Over the last dozen years or so Ginkgo biloba has made something of a name for itself. It has been touted as a restorative for memory loss. The purported curative is extracted from dried ginkgo leaves. Ginkgo also produces fruit, rather odoriferous fruit. Stinky the fruit may be, but what about eating the fruits of ginkgo trees? Can you eat ginkgo fruit? Let’s find out.
Is Ginkgo Fruit Edible?
Ginkgo is a deciduous tree, hardy in USDA zones 3-9, that is most closely related to ancient cycads. It is a relic from prehistoric times, dating back as far as the Permian period (270 million years ago). Once thought to be extinct, it was rediscovered by a German scientist in the late 1600s in Japan. A group of Chinese Buddhist monks made it their mission to save and cultivate the species. They were successful, and today, ginkgo can be found growing around the world as an ornamental tree.
As mentioned, the tree does produce fruit, or at least the females do. Ginkgo is dioecious, which means that male and female flowers are borne on separate trees. The fruit is a fleshy, brownish-orange about the size of a cherry. Although the tree won’t produce fruit until it is about 20 years old, once it does, it makes up for the lack by producing prodigiously.
The large numbers of fruit drop from the tree, not only making a mess, but the squashed fruit unleashes a rather unpleasant odor. All agree the aroma is unpleasant but to what degree depends upon the person – some describing it as ripe Camembert cheese or rancid butter, and others comparing it more to dog feces or vomit. Whatever the case, most people who plant ginkgo trees choose to plant male trees.
But I digress, what about eating fruits of ginkgo trees? Can you eat ginkgo fruit? Yes, ginkgo fruit is edible in moderation, and if you can get past the nasty smell. That said, what most folks eat is the nut inside the fruit.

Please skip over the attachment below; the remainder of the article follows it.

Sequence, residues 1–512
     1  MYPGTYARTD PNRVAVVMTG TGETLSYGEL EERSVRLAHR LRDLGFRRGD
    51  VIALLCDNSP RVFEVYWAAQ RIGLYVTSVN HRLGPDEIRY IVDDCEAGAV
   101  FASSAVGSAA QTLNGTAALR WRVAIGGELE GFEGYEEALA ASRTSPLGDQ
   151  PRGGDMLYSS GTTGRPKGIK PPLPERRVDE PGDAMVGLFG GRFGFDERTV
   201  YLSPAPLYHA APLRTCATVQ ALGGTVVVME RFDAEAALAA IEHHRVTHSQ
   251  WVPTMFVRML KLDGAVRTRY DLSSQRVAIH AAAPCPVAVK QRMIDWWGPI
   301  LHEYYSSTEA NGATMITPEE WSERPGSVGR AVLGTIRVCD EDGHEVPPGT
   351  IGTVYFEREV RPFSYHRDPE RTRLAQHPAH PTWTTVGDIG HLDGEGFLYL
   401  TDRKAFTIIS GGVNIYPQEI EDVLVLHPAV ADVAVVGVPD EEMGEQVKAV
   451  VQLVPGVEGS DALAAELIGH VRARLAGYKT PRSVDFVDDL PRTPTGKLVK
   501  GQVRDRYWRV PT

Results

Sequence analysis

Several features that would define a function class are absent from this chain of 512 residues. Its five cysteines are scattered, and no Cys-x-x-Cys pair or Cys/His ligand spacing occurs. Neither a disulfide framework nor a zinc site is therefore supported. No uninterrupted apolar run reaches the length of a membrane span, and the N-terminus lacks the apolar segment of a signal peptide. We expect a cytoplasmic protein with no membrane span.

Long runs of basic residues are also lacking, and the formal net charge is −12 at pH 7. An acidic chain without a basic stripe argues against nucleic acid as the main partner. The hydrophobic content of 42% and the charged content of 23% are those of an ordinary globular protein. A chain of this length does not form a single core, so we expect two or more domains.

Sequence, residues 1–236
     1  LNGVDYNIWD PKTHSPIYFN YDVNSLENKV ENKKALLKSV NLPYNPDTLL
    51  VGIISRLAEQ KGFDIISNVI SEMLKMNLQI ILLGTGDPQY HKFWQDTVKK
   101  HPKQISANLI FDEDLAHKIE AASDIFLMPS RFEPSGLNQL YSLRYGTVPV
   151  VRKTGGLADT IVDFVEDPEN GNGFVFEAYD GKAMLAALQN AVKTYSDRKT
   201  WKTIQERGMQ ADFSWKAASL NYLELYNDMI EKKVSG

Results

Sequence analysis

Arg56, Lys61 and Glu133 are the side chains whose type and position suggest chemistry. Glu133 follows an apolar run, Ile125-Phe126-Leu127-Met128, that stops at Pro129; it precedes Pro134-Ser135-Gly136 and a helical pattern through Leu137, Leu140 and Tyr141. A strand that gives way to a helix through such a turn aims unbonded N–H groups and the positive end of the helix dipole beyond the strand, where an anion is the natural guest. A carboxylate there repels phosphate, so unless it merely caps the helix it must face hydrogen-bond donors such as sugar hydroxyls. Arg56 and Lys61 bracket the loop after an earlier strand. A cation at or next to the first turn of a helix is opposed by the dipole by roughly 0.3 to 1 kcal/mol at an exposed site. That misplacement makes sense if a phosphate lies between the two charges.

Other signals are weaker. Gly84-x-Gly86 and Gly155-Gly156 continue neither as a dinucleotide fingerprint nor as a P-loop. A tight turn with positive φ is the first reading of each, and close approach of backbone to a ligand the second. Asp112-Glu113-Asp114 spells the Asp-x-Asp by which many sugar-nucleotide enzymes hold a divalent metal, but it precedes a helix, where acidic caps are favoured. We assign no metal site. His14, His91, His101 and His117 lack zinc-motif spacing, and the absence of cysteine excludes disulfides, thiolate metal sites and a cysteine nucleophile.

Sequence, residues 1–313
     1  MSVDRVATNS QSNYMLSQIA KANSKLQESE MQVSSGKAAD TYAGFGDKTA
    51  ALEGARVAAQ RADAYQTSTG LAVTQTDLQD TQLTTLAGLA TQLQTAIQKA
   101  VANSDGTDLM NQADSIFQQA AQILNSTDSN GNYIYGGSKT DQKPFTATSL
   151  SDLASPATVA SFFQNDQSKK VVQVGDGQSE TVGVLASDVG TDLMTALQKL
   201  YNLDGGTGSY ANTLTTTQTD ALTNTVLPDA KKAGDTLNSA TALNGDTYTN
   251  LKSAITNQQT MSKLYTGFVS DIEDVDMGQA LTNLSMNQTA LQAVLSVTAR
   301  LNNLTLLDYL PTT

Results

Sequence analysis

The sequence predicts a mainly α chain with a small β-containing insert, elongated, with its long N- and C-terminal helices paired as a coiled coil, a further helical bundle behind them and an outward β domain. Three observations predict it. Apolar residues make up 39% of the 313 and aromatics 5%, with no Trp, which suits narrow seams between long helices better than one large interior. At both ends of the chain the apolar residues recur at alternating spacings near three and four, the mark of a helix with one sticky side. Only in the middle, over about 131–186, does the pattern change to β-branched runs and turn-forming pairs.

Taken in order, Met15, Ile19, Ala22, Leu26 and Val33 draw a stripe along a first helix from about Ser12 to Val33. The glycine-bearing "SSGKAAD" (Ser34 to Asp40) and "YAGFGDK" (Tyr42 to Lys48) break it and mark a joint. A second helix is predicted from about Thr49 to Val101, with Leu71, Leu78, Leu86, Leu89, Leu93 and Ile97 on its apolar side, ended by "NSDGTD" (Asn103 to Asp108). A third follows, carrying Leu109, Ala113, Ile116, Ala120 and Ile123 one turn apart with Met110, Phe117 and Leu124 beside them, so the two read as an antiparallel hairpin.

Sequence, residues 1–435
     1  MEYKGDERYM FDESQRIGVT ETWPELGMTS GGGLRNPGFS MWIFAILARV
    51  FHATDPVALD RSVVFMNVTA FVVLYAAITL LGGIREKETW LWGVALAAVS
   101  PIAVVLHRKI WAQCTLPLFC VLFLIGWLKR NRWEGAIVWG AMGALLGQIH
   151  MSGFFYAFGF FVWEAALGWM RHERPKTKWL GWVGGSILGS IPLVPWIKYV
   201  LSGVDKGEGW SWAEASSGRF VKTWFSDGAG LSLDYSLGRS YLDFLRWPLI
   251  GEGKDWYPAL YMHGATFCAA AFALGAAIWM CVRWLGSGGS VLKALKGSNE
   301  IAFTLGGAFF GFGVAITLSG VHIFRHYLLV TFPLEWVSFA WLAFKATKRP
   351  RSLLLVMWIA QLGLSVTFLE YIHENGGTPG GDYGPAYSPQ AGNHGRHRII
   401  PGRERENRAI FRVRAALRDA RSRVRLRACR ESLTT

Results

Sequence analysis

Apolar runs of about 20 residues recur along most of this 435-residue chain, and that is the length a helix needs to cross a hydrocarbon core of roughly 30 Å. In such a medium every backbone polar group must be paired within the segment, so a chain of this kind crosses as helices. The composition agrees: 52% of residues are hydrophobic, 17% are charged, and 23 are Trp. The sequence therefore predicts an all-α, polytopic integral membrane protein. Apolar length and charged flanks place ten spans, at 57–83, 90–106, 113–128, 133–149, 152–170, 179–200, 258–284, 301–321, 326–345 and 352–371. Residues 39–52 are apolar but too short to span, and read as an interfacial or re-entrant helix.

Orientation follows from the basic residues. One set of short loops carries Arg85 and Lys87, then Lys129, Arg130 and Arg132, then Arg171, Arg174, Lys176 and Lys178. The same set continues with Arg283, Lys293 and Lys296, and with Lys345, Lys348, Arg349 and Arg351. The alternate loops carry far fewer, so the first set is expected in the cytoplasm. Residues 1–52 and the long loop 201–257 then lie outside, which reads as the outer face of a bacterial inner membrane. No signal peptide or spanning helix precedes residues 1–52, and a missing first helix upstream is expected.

Eating Ginkgo Biloba Nuts
East Asians consider eating Ginkgo biloba nuts a delicacy and ingest them, not only for their flavor, but for nutritional and medicinal properties. The nuts resemble a pistachio with a soft, dense texture that tastes like a combination of edamame, potato and pine nut to some or chestnuts to others.
The nut is actually a seed and is sold in Korea, Japan and China as “silver apricot nut.” They are usually toasted prior to eating and used in desserts, soups and with meat. They are, however, mildly toxic. Only a few seeds should be eaten at a time. The nut, you see, contains bitter cyanogenic glycosides. These break down when the nut is cooked, but it retains the compound 4-methoxypryridoxine, which depletes vitamin B6 and is especially toxic to children.
And, as if the offensive stench and toxic compounds aren’t sufficient to dissuade many, the gingko has another ace up its sleeve. The outer fleshy coating of the seed contains chemicals that can result in dermatitis or blistering similar to poison ivy.
However, ginkgo nuts are low in fat and high in niacin, starch and protein. Once the outer layer has been removed (use gloves!), the nut is perfectly safe to handle. Just don’t eat too many at one sitting.
Disclaimer: The contents of this article is for educational and gardening purposes only. Before using or ingesting ANY herb or plant for medicinal purposes or otherwise, please consult a physician, medical herbalist or other suitable professional for advice.
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Amy Grant has been gardening for 30 years and writing for 15. A professional chef and caterer, Amy's area of expertise is culinary gardening.
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